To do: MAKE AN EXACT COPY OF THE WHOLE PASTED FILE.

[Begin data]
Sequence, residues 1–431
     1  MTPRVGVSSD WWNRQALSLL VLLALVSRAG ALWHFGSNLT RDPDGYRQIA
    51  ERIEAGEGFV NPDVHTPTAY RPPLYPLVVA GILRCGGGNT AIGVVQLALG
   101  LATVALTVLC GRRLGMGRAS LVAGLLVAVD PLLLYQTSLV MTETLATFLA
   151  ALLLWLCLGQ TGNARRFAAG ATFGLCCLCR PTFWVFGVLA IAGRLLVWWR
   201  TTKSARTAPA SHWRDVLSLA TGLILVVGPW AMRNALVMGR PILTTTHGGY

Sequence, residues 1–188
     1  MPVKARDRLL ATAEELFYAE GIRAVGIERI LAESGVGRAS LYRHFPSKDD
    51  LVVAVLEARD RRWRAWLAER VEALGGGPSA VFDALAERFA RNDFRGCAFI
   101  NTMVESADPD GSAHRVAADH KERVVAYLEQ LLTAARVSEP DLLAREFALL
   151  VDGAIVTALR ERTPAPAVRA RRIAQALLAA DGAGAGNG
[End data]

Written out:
Sequence, residues 1–431
     1  MTPRVGVSSD WWNRQALSLL VLLALVSRAG ALWHFGSNLT RDPDGYRQIA
    51  ERIEAGEGFV NPDVHTPTAY RPPLYPLVVA GILRCGGGNT AIGVVQLALG
   101  LATVALTVLC GRRLGMGRAS LVAGLLVAVD PLLLYQTSLV MTETLATFLA
   151  ALLLWLCLGQ TGNARRFAAG ATFGLCCLCR PTFWVFGVLA IAGRLLVWWR
   201  TTKSARTAPA SHWRDVLSLA TGLILVVGPW AMRNALVMGR PILTTTHGGY

Sequence, residues 1–188
     1  MPVKARDRLL ATAEELFYAE GIRAVGIERI LAESGVGRAS LYRHFPSKDD
    51  LVVAVLEARD RRWRAWLAER VEALGGGPSA VFDALAERFA RNDFRGCAFI
   101  NTMVESADPD GSAHRVAADH KERVVAYLEQ LLTAARVSEP DLLAREFALL
   151  VDGAIVTALR ERTPAPAVRA RRIAQALLAA DGAGAGNG